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Teachers: What changes would you like to see in the new, reauthorized version of ESEA?

Comments: 358

Repeal NCLB. Return control of education to the individual states where it belongs and where the Constitution puts it. NCLB is bad law, bad education theory, and a really awful title, implying cookie cutter sameness. Our student are unique. And, no, all children cannot and will not achieve at the same high level.

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Edward Holst
Florida Teachers' Association
Florida, NY

By making sure the schools that need the most help are given a priority in everything.

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Dan Esposito
Manhattan Beach, CA

Keep the military recruiters out of the High Schools!Its part of that law and shouldnt be!

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John Lichak
PEF
nassau, NY

I would like to see the federal government fulfill their obligation to pay for what they mandate. In addition, funding at both the federal and state levels need to be made equitable and consistent. It's almost impossible to deliver consistent educational services without a consistent and adequate level of funding.

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charles anderson
New Ulm Education Association #7186
New Ulm, MN

I believe that NCLB should have never been developed and implemented in the first place. I teach ESE high school mathematics, and I have to give my ESE 10th graders the regular version of the 10th grade state test here in Florida. It is terribly unfair for them to have to take this test when they have documented disabilities. Also, I will never be able to reach the bonus pay, other teachers are able to get because my students will never pass a test that is not fair to them. Furthermore, I believe that government officials have no business making education policies, when they are no where near a classroom.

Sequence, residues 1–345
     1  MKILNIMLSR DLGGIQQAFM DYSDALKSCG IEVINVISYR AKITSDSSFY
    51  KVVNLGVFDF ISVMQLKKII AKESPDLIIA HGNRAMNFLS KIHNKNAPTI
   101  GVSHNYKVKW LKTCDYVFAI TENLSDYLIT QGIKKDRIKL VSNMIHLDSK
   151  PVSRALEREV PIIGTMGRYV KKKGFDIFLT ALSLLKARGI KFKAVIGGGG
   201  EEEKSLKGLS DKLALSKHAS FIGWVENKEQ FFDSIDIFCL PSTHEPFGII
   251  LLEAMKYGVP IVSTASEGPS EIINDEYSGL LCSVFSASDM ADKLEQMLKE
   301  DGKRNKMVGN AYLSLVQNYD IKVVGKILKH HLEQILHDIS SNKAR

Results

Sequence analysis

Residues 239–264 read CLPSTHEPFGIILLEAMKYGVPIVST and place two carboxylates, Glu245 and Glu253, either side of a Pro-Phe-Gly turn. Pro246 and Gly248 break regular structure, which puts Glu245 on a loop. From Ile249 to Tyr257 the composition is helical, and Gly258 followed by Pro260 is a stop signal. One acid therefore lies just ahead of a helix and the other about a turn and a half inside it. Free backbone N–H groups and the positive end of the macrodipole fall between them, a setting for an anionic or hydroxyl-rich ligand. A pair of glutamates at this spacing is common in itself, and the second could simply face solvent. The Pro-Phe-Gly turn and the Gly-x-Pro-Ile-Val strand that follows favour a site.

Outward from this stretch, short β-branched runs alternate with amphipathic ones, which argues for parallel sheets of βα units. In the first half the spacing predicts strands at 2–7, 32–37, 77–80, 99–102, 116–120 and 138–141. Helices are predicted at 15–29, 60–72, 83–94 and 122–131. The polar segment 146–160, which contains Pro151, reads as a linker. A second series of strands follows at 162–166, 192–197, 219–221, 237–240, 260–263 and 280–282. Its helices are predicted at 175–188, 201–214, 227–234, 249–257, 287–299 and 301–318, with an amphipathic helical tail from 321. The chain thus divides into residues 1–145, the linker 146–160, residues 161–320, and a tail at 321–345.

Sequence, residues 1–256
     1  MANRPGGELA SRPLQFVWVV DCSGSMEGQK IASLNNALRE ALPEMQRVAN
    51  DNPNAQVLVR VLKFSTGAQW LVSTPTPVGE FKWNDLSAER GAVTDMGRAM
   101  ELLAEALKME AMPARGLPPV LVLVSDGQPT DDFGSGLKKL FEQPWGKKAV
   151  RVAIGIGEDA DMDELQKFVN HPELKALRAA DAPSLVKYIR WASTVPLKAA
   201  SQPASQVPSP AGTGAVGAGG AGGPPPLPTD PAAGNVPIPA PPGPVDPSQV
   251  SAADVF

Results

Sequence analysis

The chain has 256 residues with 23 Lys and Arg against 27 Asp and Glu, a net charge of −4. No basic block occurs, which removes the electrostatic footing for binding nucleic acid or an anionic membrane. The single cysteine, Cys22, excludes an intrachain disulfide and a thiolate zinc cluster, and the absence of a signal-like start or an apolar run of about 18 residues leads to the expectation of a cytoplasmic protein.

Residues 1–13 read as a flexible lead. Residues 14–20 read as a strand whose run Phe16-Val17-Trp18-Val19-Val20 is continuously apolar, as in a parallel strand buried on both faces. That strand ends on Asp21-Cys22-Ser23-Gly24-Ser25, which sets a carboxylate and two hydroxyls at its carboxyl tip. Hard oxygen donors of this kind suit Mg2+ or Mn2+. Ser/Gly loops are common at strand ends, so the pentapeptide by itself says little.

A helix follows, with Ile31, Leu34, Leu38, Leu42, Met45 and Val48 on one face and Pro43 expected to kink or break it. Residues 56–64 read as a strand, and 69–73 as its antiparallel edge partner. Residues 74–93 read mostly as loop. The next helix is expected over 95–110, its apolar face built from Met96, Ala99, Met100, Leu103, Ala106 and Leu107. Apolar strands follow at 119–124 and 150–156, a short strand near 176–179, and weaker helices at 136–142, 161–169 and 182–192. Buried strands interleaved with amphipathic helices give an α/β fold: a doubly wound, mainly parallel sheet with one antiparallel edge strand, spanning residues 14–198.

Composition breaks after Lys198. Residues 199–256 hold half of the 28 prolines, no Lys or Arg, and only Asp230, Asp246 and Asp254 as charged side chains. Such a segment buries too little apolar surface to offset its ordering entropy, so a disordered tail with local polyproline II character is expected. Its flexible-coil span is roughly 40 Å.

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William Garrett
Polk Ed. Foundation
Frostproof, FL

NCLB needs realistic and enforceable objectives. You can not just move the problem from one school to the next, as NCLB does. It takes time and a humungous amount of effort from the entire community. Todays' child, just like todays' school, is much different from the child of the past and that school

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Jeannie Wattles
PFT Peoria, IL
Dunlap, IL

The first change I would like to see is an end to AYP. It is completely unrealistic; and in the long run, it is totally unattainable. AYP and the heavy reliance on standardized testing is ruining public education. As teachers, we are losing the opportunity to teach children to learn. We are losing the opportunity to allow children to think and question, which is how we learn. We have set education back to the 19th century, with a heavy reliance on regurgitating information. Depth has been sacrificed. There needs to be a new way to fund education. You cannot mandate that certain conditions be met and then not fund the means to carry them through.

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Mike Regan
Medway Federation of Teachers
Medway, MA

I am retired from STA, an affiliate of NEA. I would like to see all sanctions put on hold. But beyond that, I believe that NCLB was structured to guarantee that all public schools would fail and so could be taken over by private businesses, and I believe that Arnie Duncan was chosen precisely to further that goal. I believe that that process of privatization, or corporatization of public education will erode all the efforts in the past to make educational opportunities relevant and available to all. For these reasons also all sanctions should be stopped. Public schools should not be private businesses.

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Pat Witz
Stockton, CA

Track the student's attendance, along with their improvement. Usually, there is a correlation between them. It is hard to teach a student who is not in class.

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Tanja Miller
AFT
Amarillo, TX